In the debate over the Ground Zero Mosque, the Left’s trump card has been the language in the First Amendment stating that “Congress shall make no law respecting an establishment of religion.” All of us correctly understand this to mean that government cannot create a state faith, nor can it dictate the religious tenets of an existing faith. A subset of this, of course, is that government cannot, through indirect laws, make the practice of a given faith so difficult that it is tantamount to a religious proscription.
Shrill voices on the Left are now asserting, however, that the First Amendment must be understood to mean that an ostensibly religious building site cannot be touched by any other laws whatsoever, including zoning laws (which invariably include something about the character of the neighborhood) nor can it be the subject to that other First Amendment right, free speech.
The Left is much less excited about having Constitutional rights trump zoning laws when the subject is guns. If one operates in a logical world, this is a peculiar Constitutional lapse.
Guns are virtually equal to religion in the Constitutional hierarchy, coming in at Second on the Amendment list: “A well regulated Militia, being necessary to the security of a free State, the right of the people to keep and bear Arms, shall not be infringed.”
Let me repeat that: “the right of the people to keep and bear Arms, shall not be infringed.” This is very strong language, and arguably much broader in original intent than the First Amendment’s language regarding religion. The First Amendment merely instructs Congress not to make a law establishing a religion, which we interpret to mean, as well, not to mess with existing faiths. The Second Amendment, though, rebuffs any attempts whatsoever, whether by Congress or unnamed others (a reasonable inference given the passive voice construction), to mess with the right to bear arms. It is, as phrased, a sacrosanct right.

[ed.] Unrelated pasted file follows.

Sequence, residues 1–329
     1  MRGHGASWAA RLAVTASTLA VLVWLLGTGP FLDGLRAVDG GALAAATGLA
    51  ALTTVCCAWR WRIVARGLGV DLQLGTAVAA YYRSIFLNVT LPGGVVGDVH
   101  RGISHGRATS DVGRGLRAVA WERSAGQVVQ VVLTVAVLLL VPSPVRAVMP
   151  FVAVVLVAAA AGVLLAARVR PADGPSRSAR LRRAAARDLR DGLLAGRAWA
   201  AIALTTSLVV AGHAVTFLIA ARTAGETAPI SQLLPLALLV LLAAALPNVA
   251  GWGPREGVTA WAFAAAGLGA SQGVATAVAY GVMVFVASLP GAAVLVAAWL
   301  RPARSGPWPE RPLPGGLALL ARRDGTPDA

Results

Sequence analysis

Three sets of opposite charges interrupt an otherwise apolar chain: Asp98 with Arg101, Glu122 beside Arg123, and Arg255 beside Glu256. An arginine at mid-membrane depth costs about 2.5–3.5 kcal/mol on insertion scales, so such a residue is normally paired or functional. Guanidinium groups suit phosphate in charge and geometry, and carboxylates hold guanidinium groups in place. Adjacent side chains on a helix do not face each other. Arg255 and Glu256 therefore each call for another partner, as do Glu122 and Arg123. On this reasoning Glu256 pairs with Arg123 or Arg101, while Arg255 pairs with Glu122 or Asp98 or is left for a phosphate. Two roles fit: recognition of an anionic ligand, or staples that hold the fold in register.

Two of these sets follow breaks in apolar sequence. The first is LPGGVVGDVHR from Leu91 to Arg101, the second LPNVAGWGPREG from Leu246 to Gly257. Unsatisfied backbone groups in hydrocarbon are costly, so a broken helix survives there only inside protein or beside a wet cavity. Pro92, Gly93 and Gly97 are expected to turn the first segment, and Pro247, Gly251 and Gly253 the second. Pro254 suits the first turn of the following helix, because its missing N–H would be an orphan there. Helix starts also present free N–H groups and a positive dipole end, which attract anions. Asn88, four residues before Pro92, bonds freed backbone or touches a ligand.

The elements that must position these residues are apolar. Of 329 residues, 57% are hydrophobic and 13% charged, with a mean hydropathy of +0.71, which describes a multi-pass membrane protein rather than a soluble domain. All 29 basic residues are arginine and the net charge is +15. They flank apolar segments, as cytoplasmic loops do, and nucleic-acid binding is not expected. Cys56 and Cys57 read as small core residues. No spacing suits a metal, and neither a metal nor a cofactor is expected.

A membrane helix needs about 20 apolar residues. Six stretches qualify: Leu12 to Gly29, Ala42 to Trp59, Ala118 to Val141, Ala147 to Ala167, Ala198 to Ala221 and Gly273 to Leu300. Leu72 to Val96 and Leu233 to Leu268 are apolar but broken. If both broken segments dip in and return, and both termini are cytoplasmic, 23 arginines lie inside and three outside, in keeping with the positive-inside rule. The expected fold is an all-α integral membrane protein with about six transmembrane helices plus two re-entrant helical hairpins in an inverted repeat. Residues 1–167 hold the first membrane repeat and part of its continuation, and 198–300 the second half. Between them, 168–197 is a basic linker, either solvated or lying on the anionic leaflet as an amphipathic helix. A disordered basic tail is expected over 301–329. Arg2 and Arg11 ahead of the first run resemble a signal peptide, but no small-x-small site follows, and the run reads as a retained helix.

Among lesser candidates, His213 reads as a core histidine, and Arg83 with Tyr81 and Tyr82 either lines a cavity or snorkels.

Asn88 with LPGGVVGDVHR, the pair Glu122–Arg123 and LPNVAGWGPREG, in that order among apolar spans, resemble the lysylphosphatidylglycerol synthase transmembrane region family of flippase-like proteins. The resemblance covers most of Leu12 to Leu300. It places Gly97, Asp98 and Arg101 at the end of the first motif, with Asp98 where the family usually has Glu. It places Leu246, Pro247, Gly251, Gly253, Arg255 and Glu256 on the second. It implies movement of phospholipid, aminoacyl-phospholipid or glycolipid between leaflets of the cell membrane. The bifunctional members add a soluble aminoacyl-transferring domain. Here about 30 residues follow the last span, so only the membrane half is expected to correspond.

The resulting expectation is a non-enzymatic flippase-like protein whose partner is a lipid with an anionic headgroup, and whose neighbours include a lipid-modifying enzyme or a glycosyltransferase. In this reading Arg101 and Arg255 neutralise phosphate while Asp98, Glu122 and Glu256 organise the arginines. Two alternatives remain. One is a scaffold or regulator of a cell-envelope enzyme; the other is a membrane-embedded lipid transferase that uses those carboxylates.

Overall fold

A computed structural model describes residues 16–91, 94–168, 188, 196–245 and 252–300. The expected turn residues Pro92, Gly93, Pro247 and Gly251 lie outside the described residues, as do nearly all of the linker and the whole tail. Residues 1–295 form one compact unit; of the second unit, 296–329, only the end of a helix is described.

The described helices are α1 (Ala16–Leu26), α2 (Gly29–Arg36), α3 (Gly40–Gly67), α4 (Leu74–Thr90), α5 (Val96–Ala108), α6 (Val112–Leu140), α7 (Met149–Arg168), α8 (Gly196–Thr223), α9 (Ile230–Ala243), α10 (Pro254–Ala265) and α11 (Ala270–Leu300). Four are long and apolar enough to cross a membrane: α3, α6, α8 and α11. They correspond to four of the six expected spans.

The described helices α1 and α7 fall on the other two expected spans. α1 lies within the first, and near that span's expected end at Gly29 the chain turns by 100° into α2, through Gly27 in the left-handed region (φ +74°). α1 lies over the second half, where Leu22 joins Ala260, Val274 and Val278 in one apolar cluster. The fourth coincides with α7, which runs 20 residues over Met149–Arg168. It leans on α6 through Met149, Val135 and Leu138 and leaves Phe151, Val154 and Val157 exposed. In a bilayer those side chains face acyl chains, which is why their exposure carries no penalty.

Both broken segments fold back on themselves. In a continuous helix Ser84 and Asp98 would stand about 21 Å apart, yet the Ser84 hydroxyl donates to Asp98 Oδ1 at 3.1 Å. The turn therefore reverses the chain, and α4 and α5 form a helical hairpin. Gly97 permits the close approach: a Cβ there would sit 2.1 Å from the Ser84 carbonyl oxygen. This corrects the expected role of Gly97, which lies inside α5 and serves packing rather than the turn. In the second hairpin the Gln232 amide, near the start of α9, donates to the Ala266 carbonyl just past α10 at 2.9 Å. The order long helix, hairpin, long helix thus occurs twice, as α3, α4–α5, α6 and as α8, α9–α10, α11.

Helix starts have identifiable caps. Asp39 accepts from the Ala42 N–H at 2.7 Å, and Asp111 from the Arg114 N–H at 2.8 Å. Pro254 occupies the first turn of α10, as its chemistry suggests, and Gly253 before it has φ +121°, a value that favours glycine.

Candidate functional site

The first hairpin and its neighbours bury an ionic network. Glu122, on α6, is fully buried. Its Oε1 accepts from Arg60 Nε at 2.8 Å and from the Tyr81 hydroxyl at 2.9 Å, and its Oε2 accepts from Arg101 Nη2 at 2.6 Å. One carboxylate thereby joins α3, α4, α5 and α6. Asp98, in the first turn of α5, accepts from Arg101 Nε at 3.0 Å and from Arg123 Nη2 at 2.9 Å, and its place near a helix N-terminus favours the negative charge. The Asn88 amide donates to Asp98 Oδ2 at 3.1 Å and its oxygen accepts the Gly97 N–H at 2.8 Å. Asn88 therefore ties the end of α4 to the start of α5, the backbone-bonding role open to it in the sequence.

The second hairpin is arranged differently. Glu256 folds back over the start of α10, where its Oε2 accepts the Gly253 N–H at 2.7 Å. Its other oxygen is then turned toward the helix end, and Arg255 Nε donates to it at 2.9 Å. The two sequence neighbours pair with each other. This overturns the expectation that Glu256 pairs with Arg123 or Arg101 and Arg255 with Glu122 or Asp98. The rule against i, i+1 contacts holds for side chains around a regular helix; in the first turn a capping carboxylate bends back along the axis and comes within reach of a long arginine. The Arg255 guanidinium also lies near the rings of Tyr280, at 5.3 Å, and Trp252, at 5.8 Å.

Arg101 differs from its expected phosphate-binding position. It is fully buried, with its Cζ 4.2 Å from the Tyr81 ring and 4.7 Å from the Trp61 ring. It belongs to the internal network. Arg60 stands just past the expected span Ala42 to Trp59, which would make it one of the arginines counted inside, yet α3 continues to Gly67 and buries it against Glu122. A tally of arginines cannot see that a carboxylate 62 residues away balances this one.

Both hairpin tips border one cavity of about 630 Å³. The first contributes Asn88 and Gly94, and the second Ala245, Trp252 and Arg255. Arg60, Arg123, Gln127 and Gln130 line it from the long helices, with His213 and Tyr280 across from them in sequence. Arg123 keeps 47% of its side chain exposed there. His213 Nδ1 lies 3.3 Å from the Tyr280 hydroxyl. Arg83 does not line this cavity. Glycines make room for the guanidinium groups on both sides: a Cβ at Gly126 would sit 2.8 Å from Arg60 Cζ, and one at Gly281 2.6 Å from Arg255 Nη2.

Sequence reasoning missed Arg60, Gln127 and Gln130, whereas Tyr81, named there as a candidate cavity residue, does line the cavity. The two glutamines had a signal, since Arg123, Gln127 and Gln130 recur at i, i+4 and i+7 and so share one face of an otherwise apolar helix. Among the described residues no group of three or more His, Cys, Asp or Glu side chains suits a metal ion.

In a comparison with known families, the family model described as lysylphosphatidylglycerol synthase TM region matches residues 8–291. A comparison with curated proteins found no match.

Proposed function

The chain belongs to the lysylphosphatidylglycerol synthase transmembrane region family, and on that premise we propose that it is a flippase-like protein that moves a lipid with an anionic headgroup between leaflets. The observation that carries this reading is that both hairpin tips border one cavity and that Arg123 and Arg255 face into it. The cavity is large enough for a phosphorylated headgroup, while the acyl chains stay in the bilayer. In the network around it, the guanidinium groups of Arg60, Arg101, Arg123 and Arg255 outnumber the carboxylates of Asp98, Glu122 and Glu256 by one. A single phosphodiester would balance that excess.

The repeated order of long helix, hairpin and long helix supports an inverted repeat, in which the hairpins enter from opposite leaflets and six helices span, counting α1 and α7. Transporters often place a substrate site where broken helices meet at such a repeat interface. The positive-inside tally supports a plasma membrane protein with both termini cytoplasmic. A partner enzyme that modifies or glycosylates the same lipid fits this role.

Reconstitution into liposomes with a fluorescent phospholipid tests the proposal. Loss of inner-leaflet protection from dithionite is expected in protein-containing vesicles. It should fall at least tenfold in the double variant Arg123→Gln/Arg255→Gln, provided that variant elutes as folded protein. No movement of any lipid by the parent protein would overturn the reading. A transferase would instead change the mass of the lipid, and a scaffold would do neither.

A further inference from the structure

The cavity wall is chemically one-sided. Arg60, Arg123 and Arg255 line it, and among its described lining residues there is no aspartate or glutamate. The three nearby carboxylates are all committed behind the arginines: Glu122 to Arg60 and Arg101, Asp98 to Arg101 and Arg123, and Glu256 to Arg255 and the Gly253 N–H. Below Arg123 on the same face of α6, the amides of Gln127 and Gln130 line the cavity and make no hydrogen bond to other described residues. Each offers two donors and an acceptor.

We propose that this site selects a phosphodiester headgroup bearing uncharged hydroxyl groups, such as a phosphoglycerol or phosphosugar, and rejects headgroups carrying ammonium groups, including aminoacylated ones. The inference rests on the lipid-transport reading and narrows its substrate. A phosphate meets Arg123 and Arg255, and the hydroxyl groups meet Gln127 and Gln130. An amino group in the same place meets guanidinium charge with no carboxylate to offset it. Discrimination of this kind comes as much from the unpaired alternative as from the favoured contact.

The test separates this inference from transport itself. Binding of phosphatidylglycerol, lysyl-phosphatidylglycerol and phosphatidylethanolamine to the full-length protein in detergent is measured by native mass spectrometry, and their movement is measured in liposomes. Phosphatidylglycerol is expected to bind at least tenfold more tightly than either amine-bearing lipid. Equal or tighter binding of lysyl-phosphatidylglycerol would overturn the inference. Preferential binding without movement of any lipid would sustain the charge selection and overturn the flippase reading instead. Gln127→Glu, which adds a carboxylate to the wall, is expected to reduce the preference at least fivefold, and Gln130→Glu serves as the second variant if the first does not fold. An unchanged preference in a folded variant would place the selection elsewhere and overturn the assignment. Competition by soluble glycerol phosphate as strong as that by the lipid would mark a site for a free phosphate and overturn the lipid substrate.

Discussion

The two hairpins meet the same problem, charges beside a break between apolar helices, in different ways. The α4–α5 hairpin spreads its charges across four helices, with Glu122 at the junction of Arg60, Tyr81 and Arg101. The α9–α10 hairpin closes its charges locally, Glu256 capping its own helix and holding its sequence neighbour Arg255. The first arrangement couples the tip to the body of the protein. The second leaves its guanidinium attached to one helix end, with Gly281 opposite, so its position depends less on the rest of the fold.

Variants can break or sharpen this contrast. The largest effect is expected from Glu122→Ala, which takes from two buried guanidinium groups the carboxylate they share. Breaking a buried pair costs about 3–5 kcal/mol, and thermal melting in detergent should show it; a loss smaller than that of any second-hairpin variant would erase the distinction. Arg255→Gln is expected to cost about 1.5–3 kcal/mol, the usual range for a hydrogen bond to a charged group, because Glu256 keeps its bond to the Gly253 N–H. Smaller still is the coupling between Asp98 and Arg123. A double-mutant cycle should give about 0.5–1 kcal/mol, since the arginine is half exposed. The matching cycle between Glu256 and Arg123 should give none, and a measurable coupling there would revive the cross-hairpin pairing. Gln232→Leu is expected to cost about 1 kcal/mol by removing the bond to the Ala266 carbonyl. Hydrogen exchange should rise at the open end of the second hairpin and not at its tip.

Notwithstanding this explicit language, federal and local governments have for decades made laws messing with the right to bear arms. One of the most significant laws is the way in which we mandate that the government gets to control every legal arms transaction. Sales have to be in licensed stores, with massive amounts of paperwork, all going into government databases. I’m not going to argue whether this is an infringement or not, although one could reasonable claim that these are indirect laws making the purchase of guns so difficult as to be tantamount to an arms proscription. I’ll just note that it happens — and that Leftists are in the vanguard of making it so.
Those on the Left are also perfectly happy dictating the locations for gun shops, with San Francisco offering a perfect illustration. In that once fair City, a totally legal gun shop, one that’s been in business for 50 years as the same location, is trying to re-open in the Bernal Heights district after a short hiatus. Even as the local merchants pay lip service to the right to bear arms, they are up in arms (pun intended) that the means for facilitating this Constitutional right could appear in their neighborhood (emphasis mine):
Officially, the organizations are not opposed to people owning guns, Alliance member Jaime Ross told me. They’d just “rather have something the neighborhood could enjoy – a laundry or wine and cheese shop.”
[L]local Ingleside police Capt. Louis Cassanego says that as far as he knows, “there’s never been a problem.” The captain is for the permit “so long as certain precautions are taken,” including all legal requirements and then some. But e-mails he’s seeing are running 10-1 against the store’s permit application.
I’m willing to bet, although there is no way that I can prove it, that the same people writing those emails against the store’s permit application are strident in their denunciation of those who contend that the Ground Zero Mosque is inappropriate for the Ground Zero site. Certainly my assumption would be consistent with the political ideological that animates support for the mosque and disdain for gun rights.
(A nice coda to this story, and one that gives it a lovely San Francisco twist, is the fact that one of the groups most strongly supportive of the store’s reopening is called the “Pink Pistols,” a gay gun rights organization. An unofficial spokesman for that group explains that, since California has enacted a law prohibiting the sale of ammunition through the mail (yet another indirect law infringing on the right), it’s greener for City residents to be able to walk, bike or bus to the store, than to have to drive to a far away location.)